Growing up in the Seventies as a moviegoer we were inundated with the zeitgeist of the era- conspiracy theories and disaster films prevailed, a reflection of our collective angst as a country. Having seen most of them either during their initail theatrical runs or later on video, this was one that I never did get to view. It wasn't out long in theaters and even though it has a hefty cast, never achieved cult status either. Truth is, it entertains but only if you have some memory of those times. Otherwise, I fear this has not aged well and it has a swiss-cheese script that isn't worth trying to figure out. But Gene Hackman makes it watchable with his bloodied-but-unbowed world weariness. Not on a par with other genre flicks like The Parallax View, Three Days of the Condor, or the eminently superior The Conversation (which also starred Hackman), if you appreciate Watergate-era paranoia films this is worth a look. 2 1/2 stars.
TJMReviewed in the United States on January 25, 2021
4.0 out of 5 stars
Better now than when first released
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What I mean by that is, when I first saw this film in it's original release it felt a little too cliche' - but as time has passed, it may be more long sighted than first given credit. It's appeal just couldn't be believed by anyone. The them syndrome, almost hackneyed then seems to be even stronger now in American society then back when it saw its first screenings. This reaches out to the everyman (as Hackman portrays) who feels he's being conditioned by Them who ever Them may be. What seemed odd back in the late 60's was, in this film, at every turn someone had a bomb to use to wipe away any sign of Them out there but today with militia's gathering in communities around the US led by conspiracies, it's not so far fetched anymore. Weird in its way.

Strong cast, strong script, good editing.
Amazon CustomerReviewed in the United States on February 6, 2021
2.0 out of 5 stars
Ranks right up there with the typical '70s CBS movie of the week : |
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The crying forlorn woman.
The jaded surly combat vet.
The squirrely prison pal with a big mouth.
The unseen forces ranging against them all.

Sheesh, you get the picture. Hackman is very lucky that this didn't derail his career, because it smacks of a thrown together fluff piece to go up against ABC's "Fantasy Island".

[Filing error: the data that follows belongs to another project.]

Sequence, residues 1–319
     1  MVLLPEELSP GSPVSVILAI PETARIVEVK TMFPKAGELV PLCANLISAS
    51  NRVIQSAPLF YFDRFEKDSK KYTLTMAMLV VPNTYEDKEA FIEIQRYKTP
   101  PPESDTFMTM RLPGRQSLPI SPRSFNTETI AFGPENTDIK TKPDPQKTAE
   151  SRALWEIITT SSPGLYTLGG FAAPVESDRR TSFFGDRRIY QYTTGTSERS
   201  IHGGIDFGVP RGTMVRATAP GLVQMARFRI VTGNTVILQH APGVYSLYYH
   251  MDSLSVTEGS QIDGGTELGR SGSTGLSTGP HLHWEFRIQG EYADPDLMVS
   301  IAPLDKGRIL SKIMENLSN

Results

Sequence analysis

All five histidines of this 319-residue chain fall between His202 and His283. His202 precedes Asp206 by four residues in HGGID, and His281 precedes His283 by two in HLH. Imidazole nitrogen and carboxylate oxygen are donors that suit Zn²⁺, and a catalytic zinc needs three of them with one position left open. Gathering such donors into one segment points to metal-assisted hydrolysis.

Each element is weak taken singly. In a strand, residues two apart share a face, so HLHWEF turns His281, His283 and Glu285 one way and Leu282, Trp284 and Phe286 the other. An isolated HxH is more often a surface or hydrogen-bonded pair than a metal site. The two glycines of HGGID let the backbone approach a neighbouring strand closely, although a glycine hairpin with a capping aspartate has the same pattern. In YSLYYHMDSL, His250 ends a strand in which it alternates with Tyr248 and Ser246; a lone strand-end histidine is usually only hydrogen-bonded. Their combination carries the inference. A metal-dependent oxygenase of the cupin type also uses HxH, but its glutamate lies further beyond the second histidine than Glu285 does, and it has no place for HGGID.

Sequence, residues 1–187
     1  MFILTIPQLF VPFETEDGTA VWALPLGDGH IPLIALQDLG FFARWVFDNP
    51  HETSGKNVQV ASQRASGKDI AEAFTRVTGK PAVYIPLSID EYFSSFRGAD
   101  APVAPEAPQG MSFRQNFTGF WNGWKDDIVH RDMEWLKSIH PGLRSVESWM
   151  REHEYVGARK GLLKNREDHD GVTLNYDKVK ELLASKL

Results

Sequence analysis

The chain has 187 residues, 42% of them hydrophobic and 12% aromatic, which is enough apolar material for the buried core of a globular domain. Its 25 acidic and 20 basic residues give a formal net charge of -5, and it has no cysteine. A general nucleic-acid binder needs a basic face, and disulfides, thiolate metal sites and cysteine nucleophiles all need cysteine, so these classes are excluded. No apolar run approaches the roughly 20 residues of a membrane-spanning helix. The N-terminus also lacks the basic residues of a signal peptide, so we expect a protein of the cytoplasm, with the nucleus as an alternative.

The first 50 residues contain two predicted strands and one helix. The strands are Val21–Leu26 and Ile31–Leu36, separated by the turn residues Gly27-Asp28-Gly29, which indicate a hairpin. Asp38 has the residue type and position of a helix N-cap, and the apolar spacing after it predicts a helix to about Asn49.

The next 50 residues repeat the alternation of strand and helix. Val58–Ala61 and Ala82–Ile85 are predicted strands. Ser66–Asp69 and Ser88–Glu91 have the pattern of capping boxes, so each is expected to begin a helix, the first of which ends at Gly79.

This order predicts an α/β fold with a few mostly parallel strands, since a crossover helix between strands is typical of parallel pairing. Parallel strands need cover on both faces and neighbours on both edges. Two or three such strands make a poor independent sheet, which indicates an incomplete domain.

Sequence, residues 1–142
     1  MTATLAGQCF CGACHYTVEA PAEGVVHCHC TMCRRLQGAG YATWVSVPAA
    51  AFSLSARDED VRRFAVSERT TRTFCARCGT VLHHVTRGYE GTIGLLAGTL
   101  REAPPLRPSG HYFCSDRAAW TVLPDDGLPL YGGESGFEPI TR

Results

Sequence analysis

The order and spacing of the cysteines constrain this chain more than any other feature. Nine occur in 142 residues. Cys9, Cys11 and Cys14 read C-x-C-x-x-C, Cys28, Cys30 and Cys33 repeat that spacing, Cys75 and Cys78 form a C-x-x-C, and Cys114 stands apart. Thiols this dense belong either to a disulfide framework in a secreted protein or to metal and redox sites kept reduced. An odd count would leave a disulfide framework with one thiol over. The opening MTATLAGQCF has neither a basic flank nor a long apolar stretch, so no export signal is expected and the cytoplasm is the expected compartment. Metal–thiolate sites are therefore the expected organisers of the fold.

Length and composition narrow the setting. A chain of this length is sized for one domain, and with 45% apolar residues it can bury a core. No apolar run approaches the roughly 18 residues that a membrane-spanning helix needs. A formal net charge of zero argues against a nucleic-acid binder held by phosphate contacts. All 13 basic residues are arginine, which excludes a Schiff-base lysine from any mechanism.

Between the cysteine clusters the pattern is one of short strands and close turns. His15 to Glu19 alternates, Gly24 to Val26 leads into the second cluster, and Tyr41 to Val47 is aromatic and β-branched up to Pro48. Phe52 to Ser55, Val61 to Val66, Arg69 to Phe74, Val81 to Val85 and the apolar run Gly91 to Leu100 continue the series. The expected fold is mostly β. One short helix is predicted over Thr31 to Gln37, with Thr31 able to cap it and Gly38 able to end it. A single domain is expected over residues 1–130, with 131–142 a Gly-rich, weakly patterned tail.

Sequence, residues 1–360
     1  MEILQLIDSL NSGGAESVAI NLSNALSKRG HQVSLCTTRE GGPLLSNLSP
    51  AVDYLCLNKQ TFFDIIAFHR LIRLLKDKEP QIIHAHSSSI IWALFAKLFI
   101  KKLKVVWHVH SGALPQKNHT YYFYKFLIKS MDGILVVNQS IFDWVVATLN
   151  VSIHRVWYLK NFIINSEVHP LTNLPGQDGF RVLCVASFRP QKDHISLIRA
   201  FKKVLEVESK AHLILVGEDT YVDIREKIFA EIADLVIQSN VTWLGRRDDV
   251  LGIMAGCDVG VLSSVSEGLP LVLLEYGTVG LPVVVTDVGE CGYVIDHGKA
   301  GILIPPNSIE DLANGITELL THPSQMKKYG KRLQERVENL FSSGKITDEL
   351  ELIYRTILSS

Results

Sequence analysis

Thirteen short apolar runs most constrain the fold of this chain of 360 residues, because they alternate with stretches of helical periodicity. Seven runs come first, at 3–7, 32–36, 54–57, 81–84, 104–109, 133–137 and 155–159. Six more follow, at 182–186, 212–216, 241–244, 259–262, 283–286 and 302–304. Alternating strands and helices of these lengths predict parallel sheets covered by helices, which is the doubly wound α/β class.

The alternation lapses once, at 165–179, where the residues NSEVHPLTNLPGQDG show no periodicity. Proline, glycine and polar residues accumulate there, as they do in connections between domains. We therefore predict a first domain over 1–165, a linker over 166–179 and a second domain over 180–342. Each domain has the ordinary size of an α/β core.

And it would have lost.

The first 30 seconds of this tone-deaf maudlin play on film beats you over the head so hamfistedly, that you should have enough right there to turn it off.
Michael RobertsReviewed in the United States on August 16, 2020
4.0 out of 5 stars
What's not to like?
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Great acing and cinematography. Others may have problems with the lack of a clearcut villian with defined goals but, for me this is what sets it apart. While not being spoonfed all the details in a neat pakage feels awkward, such is the world it would have us ponder.
One person found this helpful
tradesmanReviewed in the United States on September 12, 2020
5.0 out of 5 stars
There are Actor's then there are 2000 and beyond cheese please
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If you need the movie to close with a disney ending then maybe todays movies are for you. On the other hand if you like movies like 3 days of the Condor, Marathon Man, and parallax View, then this one you may enjoy. Gene Hackman, Richard Widmark, Mickey Rooney, and Eli Wallach all top shelf actors, this is a one off different plot not at all predictable.
czs712Reviewed in the United States on May 16, 2020
2.0 out of 5 stars
If you like movies without an ending, you will love this one.
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I liked the story, the writing, the acting, and the cast until the movie stopped in the middle of the story. If you know who Franz Kafka is and like his writing, this is a movie for you. If you are like the rest of the movie viewers, you won't. On more thing I do not understand, why cast Candice Bergman in a role which pretty much succeeds in making her face look bad?
Nicholos X. CaudilloReviewed in the United States on November 29, 2020
1.0 out of 5 stars
Tin hat origin story
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And people wonder where the Conspiracy Theory movement comes from. Typical Hollywood "they" own the world garbage. 70s flavored, For shame Eli, Richard and Gene, for shame. Eli obviously was hamming it, Richard paychecking it and Gene under contract. A film for psycho babblers only.